> Japanese people are raised in Japanese schools.

I would like to know more about Japanese schools. You seem to know about Japanese culture a great deal. Is there any material (fiction, non-fiction) accessible in English that talks of this 'national character building' occurring at Japanese schools.

I typed in some of my experiences, but it's too long for HN :-). Email me if you would like my to send it to you. My contact details are in my profile.

> In other places Japanese people are very noisy.

You can just step into any izakaya after 4pm - the place will be loud and waiters will be shouting over your head like you didn't exist.

Silence when dissonance exists may be a bad thing. Silence when dissonance is resolved by reflection may not.

The Japanese know sacredness because it's baked into their society. Maybe that was because of Zen Buddhism, or a different reason ("island life" will do it to people too). Whatever it is, it may have bad manifestations in larger cities, but there's no denying the Japanese have always had a special sort of sacred way of getting impressive things done.

It depends on how you read the sentence, I guess. If you read it as "comfortable being together without having to talk", that's a good thing, but read as "good partners 'just know' what the other wants without being informed", then yes, as you say, that's bad.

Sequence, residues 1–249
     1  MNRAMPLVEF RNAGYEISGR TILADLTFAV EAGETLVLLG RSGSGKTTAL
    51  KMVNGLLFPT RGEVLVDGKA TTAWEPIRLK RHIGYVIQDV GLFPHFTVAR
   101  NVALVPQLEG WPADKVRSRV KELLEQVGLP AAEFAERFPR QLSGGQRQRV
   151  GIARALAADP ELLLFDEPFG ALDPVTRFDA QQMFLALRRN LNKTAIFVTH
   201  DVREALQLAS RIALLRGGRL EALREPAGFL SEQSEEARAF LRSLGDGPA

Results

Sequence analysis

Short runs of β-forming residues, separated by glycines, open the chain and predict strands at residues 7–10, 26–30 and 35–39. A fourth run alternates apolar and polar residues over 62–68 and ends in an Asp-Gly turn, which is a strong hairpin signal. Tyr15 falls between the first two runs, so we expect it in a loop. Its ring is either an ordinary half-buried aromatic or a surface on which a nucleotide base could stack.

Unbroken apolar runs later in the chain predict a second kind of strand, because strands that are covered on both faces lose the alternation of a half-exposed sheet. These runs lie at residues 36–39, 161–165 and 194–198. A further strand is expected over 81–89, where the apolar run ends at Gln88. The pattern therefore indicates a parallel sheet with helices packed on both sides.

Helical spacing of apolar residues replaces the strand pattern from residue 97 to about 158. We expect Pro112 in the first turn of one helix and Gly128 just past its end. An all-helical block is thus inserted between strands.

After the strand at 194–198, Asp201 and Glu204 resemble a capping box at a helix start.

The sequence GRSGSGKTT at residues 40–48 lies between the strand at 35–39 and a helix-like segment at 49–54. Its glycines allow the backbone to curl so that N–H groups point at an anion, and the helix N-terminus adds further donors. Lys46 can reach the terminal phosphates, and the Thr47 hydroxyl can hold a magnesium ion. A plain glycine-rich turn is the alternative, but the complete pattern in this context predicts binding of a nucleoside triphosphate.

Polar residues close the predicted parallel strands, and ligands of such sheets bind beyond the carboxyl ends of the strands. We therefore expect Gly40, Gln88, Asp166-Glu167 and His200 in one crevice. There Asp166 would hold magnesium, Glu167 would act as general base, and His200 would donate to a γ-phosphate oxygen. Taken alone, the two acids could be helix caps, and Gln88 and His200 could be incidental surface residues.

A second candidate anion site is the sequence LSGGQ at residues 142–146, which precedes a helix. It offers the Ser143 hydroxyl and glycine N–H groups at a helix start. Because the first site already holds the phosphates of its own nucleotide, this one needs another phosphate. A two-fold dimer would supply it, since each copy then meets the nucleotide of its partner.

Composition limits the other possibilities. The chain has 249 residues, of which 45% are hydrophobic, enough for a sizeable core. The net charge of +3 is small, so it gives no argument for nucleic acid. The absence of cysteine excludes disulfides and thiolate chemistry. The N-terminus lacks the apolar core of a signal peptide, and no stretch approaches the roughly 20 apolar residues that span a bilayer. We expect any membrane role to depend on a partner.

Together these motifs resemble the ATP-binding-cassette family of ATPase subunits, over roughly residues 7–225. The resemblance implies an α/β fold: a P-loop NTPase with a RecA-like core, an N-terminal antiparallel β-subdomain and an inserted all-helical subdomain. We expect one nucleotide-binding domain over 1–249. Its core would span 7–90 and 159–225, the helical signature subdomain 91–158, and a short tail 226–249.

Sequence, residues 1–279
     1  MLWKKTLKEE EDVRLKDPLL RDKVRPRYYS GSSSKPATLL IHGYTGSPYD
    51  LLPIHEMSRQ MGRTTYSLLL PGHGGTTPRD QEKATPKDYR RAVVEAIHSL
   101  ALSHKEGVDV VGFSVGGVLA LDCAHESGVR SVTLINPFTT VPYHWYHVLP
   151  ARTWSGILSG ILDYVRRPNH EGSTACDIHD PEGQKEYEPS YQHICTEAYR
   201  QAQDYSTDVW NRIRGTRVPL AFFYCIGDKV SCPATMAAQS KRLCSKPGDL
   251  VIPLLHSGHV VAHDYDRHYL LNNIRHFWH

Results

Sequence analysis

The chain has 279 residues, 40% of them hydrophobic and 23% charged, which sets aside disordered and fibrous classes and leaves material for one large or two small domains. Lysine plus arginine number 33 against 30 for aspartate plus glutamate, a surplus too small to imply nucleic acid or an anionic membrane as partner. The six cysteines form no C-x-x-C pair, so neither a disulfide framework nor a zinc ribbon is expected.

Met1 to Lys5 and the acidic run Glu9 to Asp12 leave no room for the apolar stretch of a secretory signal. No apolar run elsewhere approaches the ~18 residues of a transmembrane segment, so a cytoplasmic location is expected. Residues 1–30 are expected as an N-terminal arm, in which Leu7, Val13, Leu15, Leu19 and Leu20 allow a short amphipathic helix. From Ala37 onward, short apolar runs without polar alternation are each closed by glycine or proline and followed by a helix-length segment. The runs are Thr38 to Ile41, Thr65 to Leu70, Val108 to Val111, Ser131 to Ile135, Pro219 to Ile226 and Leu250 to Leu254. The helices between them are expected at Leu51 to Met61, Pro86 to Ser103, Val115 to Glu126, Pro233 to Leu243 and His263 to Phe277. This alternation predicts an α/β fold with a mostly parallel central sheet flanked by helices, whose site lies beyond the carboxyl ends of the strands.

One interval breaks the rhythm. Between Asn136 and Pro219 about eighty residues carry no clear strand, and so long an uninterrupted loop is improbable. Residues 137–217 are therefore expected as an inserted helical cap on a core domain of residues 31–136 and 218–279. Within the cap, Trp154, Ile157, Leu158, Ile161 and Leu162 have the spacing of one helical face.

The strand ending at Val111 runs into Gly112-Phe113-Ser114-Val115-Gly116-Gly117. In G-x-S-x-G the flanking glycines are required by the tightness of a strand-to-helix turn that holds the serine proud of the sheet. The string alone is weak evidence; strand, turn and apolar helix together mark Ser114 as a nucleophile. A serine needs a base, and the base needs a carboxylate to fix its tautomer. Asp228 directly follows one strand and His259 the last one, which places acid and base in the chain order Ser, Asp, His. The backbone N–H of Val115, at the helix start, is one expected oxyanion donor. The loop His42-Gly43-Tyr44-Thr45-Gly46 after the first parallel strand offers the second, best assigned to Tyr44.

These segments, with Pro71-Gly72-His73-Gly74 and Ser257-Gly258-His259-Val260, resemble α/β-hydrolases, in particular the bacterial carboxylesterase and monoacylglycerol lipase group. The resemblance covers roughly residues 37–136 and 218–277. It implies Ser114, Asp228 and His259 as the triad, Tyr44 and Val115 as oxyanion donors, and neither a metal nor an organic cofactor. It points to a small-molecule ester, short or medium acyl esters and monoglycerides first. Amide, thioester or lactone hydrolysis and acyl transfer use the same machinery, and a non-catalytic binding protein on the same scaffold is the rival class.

The sentence reminds of the Finnish culture, too. You know you're with friends when silence isn't awkward.

Not really related, but "The Finland Conspiracy" on relations between Japan and "Finland" is an amusing read: https://www.reddit.com/r/finlandConspiracy/comments/2y0oog/t...

I live in Japan and have a Finnish friend. We talk plenty, but I think we'd both be perfectly fine saying nothing when there's nothing to say. There's lots of small talk in Japan, but a lot of it is pre-scripted by convention, so there's no pressure to actually engage with strangers if you don't care to.

Not just a Japanese thing though.

It has a name in English - "comfortable silences"

My dad use to say this to me, which would frustrate me to no end.

I hope you didn't answer and instead remained comfortably silent

"Shut up, Dad!" might also have been appropriate...